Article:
With so many people leading busy, sometimes hectic, lives that revolve around work, kids, social functions, and other obligations, it’s often very difficult for co-op/condo/HOA administrators to find residents willing and able to serve their community as a board members (or ‘directors’ or ‘trustees,’ depending on what part of the country you’re in). Board members are unpaid volunteers, and the job can sometimes seem like a thankless hassle – but having a complete, competent and committed board is crucial to running a solvent, functional building or association.
“It’s hard to get those people to serve but I’ve found that as new people move in, they have a fresh interest in the building,” says Pamela DeLorme, managing partner at Delkap Management, Inc., in Howard Beach, New York. “They may be willing to donate their time if it’s explained to them what their responsibilities are.”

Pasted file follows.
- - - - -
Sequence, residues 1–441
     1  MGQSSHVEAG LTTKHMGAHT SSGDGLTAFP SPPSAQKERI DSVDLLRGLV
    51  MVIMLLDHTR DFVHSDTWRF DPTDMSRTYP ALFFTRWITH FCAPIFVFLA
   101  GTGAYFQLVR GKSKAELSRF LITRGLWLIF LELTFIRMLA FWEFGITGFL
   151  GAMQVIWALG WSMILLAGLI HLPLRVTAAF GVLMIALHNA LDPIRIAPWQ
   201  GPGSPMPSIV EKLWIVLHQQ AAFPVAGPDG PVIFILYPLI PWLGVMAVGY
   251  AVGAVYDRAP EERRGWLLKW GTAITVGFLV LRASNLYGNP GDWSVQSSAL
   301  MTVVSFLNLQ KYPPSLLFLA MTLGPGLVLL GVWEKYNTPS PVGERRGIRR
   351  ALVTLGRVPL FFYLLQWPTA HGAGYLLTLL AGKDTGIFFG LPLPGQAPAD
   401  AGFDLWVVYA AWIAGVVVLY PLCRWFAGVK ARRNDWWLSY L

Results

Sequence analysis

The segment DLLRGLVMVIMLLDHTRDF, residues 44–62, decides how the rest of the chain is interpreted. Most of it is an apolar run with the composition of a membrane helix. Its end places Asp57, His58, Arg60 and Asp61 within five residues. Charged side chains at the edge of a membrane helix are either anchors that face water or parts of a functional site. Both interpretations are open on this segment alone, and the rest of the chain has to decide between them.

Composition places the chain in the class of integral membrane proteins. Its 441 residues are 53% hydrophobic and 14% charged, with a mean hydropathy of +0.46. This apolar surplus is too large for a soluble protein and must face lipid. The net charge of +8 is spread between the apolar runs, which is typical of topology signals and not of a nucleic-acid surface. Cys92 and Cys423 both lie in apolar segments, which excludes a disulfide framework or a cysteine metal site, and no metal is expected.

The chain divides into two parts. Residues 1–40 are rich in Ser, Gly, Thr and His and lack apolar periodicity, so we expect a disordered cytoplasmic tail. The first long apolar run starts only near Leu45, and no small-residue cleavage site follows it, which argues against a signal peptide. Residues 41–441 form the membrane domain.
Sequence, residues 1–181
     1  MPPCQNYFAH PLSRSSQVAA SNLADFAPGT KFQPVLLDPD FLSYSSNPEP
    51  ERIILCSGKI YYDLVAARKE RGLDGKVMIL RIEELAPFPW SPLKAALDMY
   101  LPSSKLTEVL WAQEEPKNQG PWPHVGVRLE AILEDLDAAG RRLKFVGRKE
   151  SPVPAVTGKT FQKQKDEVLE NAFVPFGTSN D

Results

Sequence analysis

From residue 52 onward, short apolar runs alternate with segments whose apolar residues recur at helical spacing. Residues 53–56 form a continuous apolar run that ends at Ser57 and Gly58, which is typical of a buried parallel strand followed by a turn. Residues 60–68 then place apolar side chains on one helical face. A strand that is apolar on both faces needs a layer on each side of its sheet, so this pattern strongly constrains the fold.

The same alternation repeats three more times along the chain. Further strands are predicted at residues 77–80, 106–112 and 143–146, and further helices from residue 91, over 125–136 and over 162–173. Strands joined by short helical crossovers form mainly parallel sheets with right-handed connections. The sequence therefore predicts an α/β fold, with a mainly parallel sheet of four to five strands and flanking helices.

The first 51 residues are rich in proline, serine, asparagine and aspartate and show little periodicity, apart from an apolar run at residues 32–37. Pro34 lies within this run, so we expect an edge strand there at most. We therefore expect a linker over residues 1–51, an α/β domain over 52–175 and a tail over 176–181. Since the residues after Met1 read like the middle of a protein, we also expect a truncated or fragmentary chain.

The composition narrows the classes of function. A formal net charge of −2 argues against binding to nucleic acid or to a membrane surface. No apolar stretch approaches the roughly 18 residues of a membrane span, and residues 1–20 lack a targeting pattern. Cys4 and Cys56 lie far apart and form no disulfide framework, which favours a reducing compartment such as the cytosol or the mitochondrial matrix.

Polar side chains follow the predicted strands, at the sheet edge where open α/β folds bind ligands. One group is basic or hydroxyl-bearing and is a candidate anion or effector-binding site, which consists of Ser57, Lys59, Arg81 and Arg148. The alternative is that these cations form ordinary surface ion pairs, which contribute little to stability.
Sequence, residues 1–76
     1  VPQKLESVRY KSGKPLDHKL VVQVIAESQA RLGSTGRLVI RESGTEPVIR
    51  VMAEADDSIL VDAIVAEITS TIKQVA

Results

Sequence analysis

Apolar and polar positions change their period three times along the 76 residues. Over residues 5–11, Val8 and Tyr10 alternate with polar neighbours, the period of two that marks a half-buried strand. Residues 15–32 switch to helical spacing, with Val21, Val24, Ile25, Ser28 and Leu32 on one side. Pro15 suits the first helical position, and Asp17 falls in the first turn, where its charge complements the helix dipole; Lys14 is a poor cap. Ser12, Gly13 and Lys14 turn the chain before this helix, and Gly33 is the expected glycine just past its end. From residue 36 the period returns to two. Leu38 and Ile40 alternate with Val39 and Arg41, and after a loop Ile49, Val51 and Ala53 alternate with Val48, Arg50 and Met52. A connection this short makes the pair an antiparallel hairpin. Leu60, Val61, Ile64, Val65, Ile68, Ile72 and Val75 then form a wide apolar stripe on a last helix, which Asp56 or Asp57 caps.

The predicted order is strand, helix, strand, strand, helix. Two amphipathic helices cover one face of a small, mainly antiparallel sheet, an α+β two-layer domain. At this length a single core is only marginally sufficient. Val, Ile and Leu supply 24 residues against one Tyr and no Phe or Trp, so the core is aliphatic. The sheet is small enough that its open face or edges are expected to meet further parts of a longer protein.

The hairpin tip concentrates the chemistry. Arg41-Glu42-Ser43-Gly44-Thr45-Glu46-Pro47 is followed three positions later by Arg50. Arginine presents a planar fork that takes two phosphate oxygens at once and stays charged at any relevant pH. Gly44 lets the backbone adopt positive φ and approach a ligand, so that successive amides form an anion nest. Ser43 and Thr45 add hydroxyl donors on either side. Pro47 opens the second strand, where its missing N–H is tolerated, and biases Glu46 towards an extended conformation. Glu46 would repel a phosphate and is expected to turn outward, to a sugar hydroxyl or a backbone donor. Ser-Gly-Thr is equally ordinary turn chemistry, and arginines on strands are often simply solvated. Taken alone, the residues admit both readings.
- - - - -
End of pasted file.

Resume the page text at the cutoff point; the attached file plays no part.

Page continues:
What Do You Do?
“The only drawback [of serving on your board] is that you give up some of your personal time that could be spent on other endeavors,” says Asa Sherwood, president of property management firm FirstService Residential Illinois in Chicago, and who was a condo board member for seven years. “The benefits are having a voice in the direction that your community’s going, and a say in how money is being spent in what is typically your largest investment: your home.”
While searching for potential board members, Nancy S. Hastings, regional vice-president for community management company Associa, which has an office in Mount Laurel, recommends mining any existing committees.
“Committees are generally a really good source for potential board member volunteers, but if you’re in a smaller community without as many resources from which you can pull, it can be helpful to host a new homeowner event,” she says. “You can welcome newcomers who have moved into the community, and bring along volunteer forms or something of that ilk, or just ask them whether they would ever be interested in serving.